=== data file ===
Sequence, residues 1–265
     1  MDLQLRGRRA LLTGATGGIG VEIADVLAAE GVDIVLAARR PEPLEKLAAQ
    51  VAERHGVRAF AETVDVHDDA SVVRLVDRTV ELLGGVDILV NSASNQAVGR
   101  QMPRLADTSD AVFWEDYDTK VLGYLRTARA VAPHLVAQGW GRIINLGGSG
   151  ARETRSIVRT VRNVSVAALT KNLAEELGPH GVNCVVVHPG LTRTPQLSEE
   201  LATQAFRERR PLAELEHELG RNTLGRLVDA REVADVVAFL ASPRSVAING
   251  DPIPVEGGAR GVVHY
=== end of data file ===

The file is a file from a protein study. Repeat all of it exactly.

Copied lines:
Sequence, residues 1–265
     1  MDLQLRGRRA LLTGATGGIG VEIADVLAAE GVDIVLAARR PEPLEKLAAQ
    51  VAERHGVRAF AETVDVHDDA SVVRLVDRTV ELLGGVDILV NSASNQAVGR
   101  QMPRLADTSD AVFWEDYDTK VLGYLRTARA VAPHLVAQGW GRIINLGGSG
   151  ARETRSIVRT VRNVSVAALT KNLAEELGPH GVNCVVVHPG LTRTPQLSEE
   201  LATQAFRERR PLAELEHELG RNTLGRLVDA REVADVVAFL ASPRSVAING
   251  DPIPVEGGAR GVVHY